Intel’s Flagship ARC Graphics Card With Xe-HPG Alchemist GPU To Tackle AMD RX 6700 XT & NVIDIA RTX 3070


Intel ARC graphics cards based on the Alchemist Xe-HPG GPUs are all set for launch next year and based on the specifications, we could be looking at very competitive performance numbers against AMD and NVIDIA GPUs.

Intel's Flagship ARC Graphics Cards With Xe-HPG Alchemist GPU To Be Highly Competitive Against NVIDIA GA104 & AMD Navi 22

The first Intel ARC graphics cards will be powered by the Alchemist GPUs based on the Xe-HPG architecture. Intel has so far confirmed that the first discrete graphics cards will hit retail by Q1 2022 and will be based on the TSMC 6nm process node. Intel also detailed the specifications of Alchemist GPUs and the core building blocks which include the Xe-Core.

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Intel ARC Xe-HPG Alchemist GPU - The Building Blocks

So rounding up what we learned, the Intel Xe-HPG Alchemist GPU features a Xe-Core which is the fundamental DNA of the 1st Gen ARC lineup. The Xe-Core is a compute block that is composed of 16 Vector Engines (256-bit per engine) and 16 Matrix Engines (1024-bit per engine). Each Vector Engine is composed of 8 ALUs so, in total, we are looking at 128 ALUs per Xe-Core. Each Matrix Engine block is also referred to as an XMX block which will handle tensor operations in both FP16 and INT8 modes. The Xe-Core further features its own dedicated L1 cache.

Intel fuses four Xe-Cores together to form a Render Slice which is composed of 4 Ray Tracing Units, four Sampler Units, Geometry/Rasterize/HiZ engines, and two Pixel Backend blocks with 8 units on each. These Render Slices are put together to form the main GPUs. The flagship is composed of an 8 Render Slice configuration which features 32 Xe-Cores, 512 Vector Engines, and 4096 ALUs. There will be different configurations with 2, 4, 6 Render Slices but we are focusing on the flagship part in this report.

Intel Talks ARC Alchemist GPUs: TSMC 6nm Over Intel Fabs Due To Best Balance, XeSS Backwards Compatible & Partner ‘Custom’ Graphics Cards [Updated]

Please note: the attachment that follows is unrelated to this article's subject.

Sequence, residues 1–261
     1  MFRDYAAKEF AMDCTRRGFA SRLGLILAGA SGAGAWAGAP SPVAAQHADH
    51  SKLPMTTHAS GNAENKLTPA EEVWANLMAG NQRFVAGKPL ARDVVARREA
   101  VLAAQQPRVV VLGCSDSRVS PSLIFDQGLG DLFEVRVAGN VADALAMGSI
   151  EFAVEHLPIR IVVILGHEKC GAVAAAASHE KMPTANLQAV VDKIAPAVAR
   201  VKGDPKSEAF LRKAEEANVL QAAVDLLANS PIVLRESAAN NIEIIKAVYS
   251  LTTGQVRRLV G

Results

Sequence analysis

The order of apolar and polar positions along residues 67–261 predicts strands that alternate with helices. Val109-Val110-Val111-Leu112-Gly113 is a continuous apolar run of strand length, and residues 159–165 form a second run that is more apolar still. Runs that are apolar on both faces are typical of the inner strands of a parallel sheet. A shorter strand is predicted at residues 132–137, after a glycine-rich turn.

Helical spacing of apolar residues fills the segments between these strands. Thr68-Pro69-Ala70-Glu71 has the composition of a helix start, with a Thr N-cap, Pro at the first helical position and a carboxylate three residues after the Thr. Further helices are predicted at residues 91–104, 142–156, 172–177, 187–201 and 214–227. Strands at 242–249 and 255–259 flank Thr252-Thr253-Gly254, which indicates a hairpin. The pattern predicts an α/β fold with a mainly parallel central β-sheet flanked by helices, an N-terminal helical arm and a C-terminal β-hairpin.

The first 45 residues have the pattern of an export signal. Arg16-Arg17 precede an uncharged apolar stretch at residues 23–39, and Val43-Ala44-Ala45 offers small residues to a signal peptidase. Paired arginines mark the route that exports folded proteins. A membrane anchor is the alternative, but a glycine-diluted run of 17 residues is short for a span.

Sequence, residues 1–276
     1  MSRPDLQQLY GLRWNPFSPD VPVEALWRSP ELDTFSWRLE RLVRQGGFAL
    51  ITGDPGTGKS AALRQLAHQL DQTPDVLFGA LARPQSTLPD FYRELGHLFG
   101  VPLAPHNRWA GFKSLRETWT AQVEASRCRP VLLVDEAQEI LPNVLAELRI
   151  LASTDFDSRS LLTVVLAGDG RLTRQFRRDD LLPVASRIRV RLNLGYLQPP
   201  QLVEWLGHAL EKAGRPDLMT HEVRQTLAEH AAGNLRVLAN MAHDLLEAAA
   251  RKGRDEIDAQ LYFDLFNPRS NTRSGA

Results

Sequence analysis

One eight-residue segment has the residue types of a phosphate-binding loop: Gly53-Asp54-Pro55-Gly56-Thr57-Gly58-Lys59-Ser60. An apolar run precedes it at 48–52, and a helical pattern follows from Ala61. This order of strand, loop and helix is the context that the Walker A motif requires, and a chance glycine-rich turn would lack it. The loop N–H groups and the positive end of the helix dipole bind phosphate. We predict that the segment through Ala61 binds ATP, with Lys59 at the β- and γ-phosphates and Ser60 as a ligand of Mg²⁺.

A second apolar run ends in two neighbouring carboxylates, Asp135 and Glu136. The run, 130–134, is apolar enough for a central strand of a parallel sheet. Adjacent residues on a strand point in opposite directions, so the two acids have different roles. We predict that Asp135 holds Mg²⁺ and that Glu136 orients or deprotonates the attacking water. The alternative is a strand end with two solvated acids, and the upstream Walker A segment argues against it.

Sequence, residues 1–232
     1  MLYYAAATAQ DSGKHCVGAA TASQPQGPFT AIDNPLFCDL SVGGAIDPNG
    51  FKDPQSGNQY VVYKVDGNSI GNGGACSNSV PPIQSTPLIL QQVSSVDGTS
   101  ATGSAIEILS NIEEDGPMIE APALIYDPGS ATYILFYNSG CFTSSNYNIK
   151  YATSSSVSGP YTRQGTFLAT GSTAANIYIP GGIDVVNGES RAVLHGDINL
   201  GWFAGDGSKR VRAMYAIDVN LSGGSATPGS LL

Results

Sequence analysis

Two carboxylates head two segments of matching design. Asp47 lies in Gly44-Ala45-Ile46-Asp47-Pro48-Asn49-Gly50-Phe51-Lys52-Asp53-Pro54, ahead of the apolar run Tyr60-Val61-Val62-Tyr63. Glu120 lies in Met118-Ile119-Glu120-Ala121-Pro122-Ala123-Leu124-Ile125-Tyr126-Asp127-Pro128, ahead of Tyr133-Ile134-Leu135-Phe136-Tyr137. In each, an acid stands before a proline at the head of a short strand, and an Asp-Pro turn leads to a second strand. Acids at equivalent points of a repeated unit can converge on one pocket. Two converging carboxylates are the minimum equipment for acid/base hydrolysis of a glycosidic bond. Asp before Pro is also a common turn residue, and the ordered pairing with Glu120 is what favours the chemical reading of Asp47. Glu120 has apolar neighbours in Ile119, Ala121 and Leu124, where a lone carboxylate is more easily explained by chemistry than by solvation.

Intel ARC Alchemist vs NVIDIA GA104 & AMD Navi 22 GPUs

GPU NameAlchemist DG-512NVIDIA GA104AMD Navi 22
ArchitectureXe-HPGAmpereRDNA 2
Process NodeTSMC 6nmSamsung 8nmTSMC 7nm
Flagship ProductARC (TBA)GeForce RTX 3070 TiRadeon RX 6700 XT
Raster Engine862
FP32 Cores32 Xe Cores48 SM Units40 Compute Units
FP32 Units409661442560
FP32 Compute~16 TFLOPs21.7 TFLOPs12.4 TFLOPs
RT Cores32 RT Units48 RT Cores (V2)40 RA Units
Tensor Cores512 XMX Cores192 Tensor Cores (V3)N/A
Tensor Compute~131 TFLOPs FP16
~262 TOPs INT8
87 TFLOPs FP16
174 TOPs INT8
25 TFLOPs FP16
50 TOPs INT8
L2 CacheTBA4 MB3 MB
Additional Cache16 MB Smart Cache?N/A96 MB Infinity Cache
Memory Bus256-bit256-bit192-bit
Memory Capacity16 GB GDDR68 GB GDDR6X16 GB GDDR6
LaunchQ1 2022Q2 2021Q1 2021

Intel ARC Xe-HPG Alchemist GPU - Comparing It To NVIDIA's GA104 & AMD's Navi 22

A rundown of the specifications and comparison has been made by 3DCenter which gives us an idea of the theoretical performance that Intel's new GPU will have to offer. So right off the bat, Intel's ARC Xe-HPG Alchemist flagship will offer more TMUs and ROPs than the NVIDIA and AMD competition. The core count at 4096 is higher than AMD's Navi 22, Navi 21 (RX 6800) but lower compared to NVIDIA's GA104. NVIDIA is using a dual FP32 numbering methodology and should theoretically be 3072.

Intel's ARC Alchemist GPUs have lower ray tracing units than the competition but we don't know exactly how their Ray tracing implementation works. For example, while Navi 22 offers more RT cores than the GA106 Ampere GPUs, the hardware-level integration within NVIDIA's RT cores is superior in all regards to AMD's implementation. So the final performance would depend upon Intel's hardware-level integration and software-level optimization for ray tracing applications.

A major lead that Intel could have over the competition, especially NVIDIA since AMD lacks in this department, is AI assistance in supersampling technologies. Intel has already showcased an impressive demo of its XeSS technology and based on the expected numbers, Intel GPUs could outperform NVIDIA's Tensor Core implementation (DLSS) with its XMX architecture. Intel is also expected to feature a small but useful game cache on its GPUs and will be equipped with higher VRAM capacities of up to 16 GB (GDDR6) across a 256-bit bus interface. This would be twice as much memory as NVIDIA's RTX 3070 and RTX 3070 Ti so they may have to prepare a refresh to counter it.

Lastly, the theoretical FP32 compute performance is computed with an expected peak clock rate of 2 GHz. That's the most likely scenario for TSMC's 6nm process node given how well clocks scale on TSMC's 7nm process node. Based on that, the Intel Xe-HPG Alchemist GPU could offer around 16-17 TFLOPs of Compute power. This is slightly lower FLOPs than what NVIDIA's GA104 produces but it should be noted that not all FLOPs should be measured equally as gaming architecture runs very different compared to datacenter chips.

Based on these early specifications, we are looking at an Intel graphics card that could end up being faster than AMD's Radeon RX 6700 XT and NVIDIA's RTX 3070 with ease. To push its 1st Gen graphics cards further into the consumer segment, Intel may likely offer very competitive prices against established giants like AMD and NVIDIA. And along with a strong suite of software-level optimizations, they might have a win-win in their hands which will only be pushed forward with future generations of ARC GPUs.

Which next-generation GPUs are you looking forward to the most?

Products mentioned in this post

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